Tuesday, May 3, 2011

Dragontales: “Sir George”

The Dragontales anthology (and yes, I’m still working my way through it) does its best to appeal to everyone, no matter what their preferred flavor of fantasy might be. So far we’ve seen game fiction, pulp sword & sorcery, and second-wave feminist faerie tales; it must therefore be time to delve into the comedic to lighten things up. We get it in the form of Carl Parlagreco’s “Sir George.”

Like most of the authors whose work resides in Dragontales, Parlagreco seems to have been an unknown writer who caught the eye of Kim Mohan & company when assembling the anthology. It is possible that this Carl Parlagreco is the same one associated with The Spartacus File (the dates seem to fit in any case), but again a cursory web search reveals little about the author’s post-Dragontales writing endeavors.

What is evident is that Parlagreco has a fondness for puns, play on words, and is undoubtedly familiar with the works of Douglas Adams: “Sir George” is that kind of tale. In it, we are introduced to the eponymous protagonist, a dragon who awakens one morning to deal with both a sore throat and a bold (if inept) knight named Byron Elpus, Lord of the Pristine Lands. Yes, that makes him “Lord Elpus,” who is just the first of several outlandishly-named characters.

Lord Elpus needs George’s head so that he can marry his beloved, the glorious Maiden Form. George, being rather attached to it, manages to convince the knight errant that a solution exists that would allow him to keep his cranium while still meeting the conditions placed upon Elpus. And thus an unlikely buddy tale in the vein of Dragonheart is born.

The illustrations that accompany the story are the work of an artist who signs his or her work as “Yeehan,” “Seehan,” or “Geehan” depending on how one interprets the first letter in their signature. The pieces are all competently rendered and their style fits a lighter, funny story.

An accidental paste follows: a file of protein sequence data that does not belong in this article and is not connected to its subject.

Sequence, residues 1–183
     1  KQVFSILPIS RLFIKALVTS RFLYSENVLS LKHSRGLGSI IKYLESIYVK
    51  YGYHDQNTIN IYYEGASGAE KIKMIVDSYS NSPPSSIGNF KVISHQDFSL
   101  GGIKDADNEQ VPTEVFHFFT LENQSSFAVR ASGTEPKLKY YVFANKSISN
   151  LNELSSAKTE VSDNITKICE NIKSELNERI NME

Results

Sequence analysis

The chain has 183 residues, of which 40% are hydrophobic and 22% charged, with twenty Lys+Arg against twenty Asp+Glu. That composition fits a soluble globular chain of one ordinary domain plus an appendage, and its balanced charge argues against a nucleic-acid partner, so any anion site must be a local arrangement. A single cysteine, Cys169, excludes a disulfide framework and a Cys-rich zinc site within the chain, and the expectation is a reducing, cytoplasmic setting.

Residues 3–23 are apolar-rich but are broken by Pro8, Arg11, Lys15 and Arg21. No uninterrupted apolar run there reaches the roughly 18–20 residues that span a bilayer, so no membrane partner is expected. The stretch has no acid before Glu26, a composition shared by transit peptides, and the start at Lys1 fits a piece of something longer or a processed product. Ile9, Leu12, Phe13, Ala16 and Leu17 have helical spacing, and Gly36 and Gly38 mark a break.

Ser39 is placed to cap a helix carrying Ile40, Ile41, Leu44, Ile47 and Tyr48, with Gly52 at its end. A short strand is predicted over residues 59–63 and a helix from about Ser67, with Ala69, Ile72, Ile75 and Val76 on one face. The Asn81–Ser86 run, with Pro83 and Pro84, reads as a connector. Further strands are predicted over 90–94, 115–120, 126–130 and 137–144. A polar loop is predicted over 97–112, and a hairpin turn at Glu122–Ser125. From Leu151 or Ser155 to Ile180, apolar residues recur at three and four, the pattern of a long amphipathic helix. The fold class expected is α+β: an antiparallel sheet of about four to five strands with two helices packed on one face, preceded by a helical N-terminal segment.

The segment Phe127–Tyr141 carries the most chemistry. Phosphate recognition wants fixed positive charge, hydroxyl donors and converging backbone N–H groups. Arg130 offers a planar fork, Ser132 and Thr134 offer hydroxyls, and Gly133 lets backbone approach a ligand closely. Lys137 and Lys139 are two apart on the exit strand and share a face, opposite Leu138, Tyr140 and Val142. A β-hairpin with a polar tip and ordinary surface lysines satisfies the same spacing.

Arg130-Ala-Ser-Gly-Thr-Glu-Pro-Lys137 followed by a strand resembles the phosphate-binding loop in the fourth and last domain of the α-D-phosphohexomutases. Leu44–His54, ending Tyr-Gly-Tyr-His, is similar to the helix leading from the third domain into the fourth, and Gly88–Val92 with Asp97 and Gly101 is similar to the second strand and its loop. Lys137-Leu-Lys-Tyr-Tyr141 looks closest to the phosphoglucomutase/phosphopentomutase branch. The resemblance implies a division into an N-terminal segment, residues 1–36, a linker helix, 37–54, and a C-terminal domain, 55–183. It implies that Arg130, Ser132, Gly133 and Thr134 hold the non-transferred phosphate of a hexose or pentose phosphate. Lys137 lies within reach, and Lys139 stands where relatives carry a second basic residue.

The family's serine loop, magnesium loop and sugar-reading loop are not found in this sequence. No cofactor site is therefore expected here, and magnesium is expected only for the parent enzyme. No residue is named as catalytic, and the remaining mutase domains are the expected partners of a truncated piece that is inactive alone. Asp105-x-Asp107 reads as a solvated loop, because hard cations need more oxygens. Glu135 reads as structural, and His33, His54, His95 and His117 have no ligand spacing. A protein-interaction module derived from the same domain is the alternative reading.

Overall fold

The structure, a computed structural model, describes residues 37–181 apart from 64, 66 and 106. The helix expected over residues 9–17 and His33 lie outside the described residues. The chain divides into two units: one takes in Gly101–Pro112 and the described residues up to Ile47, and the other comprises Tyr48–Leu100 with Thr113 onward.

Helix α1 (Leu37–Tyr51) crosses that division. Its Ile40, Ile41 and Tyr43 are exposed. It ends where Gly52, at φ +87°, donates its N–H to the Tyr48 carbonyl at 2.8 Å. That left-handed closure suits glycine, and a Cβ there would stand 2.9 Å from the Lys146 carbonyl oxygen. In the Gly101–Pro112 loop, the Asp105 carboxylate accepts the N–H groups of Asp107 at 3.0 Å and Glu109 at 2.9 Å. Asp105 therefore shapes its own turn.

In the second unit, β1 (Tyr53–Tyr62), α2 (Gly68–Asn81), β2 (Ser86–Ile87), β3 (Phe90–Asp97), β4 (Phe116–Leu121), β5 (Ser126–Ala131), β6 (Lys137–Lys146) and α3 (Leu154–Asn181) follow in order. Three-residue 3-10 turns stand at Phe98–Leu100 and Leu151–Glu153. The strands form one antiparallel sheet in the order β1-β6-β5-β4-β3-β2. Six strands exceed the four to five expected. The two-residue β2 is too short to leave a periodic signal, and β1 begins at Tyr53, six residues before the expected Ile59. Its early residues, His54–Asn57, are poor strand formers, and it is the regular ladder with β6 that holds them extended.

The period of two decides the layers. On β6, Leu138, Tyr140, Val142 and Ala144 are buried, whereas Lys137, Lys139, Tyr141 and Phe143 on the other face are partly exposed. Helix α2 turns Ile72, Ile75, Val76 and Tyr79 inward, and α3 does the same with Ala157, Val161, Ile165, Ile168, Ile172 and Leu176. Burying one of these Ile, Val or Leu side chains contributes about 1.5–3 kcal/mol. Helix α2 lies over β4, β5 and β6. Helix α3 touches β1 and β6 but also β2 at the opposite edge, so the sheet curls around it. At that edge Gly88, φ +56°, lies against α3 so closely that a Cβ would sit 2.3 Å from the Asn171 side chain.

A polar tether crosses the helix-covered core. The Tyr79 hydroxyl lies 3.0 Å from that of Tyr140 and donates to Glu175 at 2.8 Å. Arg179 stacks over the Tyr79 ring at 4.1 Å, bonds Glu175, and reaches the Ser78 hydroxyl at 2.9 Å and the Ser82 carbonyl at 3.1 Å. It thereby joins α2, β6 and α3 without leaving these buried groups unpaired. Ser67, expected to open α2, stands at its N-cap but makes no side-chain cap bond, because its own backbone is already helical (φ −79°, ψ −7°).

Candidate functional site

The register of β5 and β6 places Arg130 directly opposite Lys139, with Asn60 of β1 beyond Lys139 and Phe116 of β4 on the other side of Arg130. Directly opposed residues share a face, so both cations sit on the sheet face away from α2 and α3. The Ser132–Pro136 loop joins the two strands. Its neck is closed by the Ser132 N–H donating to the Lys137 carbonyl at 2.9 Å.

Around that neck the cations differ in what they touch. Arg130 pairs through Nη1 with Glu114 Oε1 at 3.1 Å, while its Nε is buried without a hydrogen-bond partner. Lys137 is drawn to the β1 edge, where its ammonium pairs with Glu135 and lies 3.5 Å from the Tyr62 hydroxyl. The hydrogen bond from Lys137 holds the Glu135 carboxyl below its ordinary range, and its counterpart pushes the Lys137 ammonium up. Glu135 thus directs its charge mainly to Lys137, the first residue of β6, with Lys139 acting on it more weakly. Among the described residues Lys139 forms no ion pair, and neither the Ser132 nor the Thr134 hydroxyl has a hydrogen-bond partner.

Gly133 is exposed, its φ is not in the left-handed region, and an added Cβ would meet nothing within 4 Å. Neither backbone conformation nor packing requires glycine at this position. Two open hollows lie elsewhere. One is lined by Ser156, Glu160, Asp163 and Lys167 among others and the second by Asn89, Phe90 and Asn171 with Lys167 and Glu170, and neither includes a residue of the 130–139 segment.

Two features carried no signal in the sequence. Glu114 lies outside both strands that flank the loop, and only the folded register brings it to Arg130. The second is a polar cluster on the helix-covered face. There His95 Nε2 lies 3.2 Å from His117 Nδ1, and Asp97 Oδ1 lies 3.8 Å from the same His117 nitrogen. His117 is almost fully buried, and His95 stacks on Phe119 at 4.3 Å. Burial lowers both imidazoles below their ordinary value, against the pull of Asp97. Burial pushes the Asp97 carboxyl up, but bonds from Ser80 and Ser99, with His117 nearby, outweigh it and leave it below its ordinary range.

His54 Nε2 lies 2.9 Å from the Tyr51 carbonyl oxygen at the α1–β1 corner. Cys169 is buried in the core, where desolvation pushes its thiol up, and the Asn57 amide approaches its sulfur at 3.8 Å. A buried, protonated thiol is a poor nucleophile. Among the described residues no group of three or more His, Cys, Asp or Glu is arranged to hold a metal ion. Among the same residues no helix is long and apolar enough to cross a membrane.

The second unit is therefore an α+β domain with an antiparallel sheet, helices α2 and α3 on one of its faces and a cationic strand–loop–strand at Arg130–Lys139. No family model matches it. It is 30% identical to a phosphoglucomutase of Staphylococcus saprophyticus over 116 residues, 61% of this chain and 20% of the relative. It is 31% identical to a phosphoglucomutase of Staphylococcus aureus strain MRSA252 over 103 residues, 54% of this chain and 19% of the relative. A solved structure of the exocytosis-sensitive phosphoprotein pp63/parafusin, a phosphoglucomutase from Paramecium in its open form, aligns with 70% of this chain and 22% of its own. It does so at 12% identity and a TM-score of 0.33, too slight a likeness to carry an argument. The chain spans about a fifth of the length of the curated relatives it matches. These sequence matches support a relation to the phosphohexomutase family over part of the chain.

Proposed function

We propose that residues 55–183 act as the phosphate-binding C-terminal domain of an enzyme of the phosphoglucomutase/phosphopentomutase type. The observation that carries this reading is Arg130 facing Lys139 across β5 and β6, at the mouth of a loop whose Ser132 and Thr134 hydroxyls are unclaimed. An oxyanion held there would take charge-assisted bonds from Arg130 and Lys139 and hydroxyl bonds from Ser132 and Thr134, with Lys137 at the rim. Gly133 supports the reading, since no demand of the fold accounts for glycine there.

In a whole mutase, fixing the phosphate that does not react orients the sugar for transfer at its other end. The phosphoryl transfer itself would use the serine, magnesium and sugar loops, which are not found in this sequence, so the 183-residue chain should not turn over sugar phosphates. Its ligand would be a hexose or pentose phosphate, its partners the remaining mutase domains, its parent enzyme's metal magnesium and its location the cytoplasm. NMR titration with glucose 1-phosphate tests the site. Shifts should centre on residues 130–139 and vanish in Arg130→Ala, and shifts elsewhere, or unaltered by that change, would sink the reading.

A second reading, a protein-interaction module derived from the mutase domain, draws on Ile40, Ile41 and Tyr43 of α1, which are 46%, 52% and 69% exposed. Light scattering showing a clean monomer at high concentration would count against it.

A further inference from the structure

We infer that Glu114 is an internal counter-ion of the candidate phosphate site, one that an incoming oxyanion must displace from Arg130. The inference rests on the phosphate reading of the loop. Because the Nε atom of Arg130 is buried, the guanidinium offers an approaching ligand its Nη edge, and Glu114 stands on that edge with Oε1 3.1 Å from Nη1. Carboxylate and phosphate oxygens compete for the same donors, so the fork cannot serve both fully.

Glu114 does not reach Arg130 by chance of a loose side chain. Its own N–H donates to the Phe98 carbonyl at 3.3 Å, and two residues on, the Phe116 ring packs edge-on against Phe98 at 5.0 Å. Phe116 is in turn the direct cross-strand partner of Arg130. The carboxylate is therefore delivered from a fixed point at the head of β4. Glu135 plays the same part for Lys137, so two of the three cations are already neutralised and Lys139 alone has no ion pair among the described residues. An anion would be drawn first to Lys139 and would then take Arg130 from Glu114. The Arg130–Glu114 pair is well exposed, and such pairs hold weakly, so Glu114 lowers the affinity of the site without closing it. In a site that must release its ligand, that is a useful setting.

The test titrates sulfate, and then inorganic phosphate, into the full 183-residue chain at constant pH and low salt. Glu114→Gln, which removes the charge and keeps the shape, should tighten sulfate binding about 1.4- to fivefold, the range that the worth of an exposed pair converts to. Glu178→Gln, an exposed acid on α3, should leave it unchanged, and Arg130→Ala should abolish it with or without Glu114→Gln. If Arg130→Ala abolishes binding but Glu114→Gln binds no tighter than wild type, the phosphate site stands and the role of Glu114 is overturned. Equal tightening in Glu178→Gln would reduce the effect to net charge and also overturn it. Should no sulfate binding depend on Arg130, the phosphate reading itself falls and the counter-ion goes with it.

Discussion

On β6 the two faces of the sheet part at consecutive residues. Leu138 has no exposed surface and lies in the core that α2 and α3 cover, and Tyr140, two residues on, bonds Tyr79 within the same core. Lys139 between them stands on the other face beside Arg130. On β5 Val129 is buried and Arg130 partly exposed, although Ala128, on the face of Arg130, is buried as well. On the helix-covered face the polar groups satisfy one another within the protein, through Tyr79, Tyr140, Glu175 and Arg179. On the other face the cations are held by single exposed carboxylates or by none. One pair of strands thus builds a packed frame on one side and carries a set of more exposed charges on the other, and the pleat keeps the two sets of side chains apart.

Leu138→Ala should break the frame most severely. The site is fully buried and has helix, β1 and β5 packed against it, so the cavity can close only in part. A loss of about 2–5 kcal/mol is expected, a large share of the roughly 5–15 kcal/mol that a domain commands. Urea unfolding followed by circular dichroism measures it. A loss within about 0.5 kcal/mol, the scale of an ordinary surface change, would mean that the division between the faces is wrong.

Sir George is a one of the shorter tales in the anthology and being a comedy piece (especially on that relies on a lot of puns to deliver its comedic punch), there’s not a whole lot of depth or subtext to read into. That doesn’t mean it’s a poor tale, however, although one’s enjoyment will largely depend on your own attitudes towards word play in humor. Some of the puns are more dated than others, while still others are likely to sail over the heads of younger readers. It also ends on a slightly ominous note depending on how one chooses to read it.

Wong & Boris, Culinary Masters and Chefs of Renown

When the jaded palettes of nobility grow tired of stag, peacock tongue, and turkey-stuffed-with-chicken-stuffed-with-duck, they summon the legendary chefs, Wong & Boris. Once word arrives in their Kitchen Stronghold that their talents are required, the two masters of the culinary arts sally forth with the caravan of prep cooks, mobile larders, and chest of endless herbs & spices to wherever their skills are wanted. They charge a fortune for their efforts (one banquet they prepared for the Sultan of Yugglestan resulted in the economic collapse of the county’s infrastructure), but the results are well worth it.

It should be noted that Wong & Boris provide only the means to prepare and serve a meal, and the necessary garnishes and seasonings that accompany it, not the dish itself. For that, they typically rely on their employer or any number of wayward adventurers with empty pouches, loose morals, and questionable common sense. More than one out-of-work adventuring band met their end on a quest that bean with the appearance of an apron-clad, funny hat-wearing, mysterious stranger with an outrageous accent who sidled up to their tavern table with an offer of work.

These adventurers are tasked with the job of locating, killing (or sometimes capturing), and returning with the carcass of creatures running the gamut from anhkhegs to dragons to purple worms to tarrasques—all of which Wong & Boris have a dozen recipes for. Those adventurers who succeed with aplomb may even be granted a seat and plate at the meal (although usually seated at a small folding table near the kitchen).

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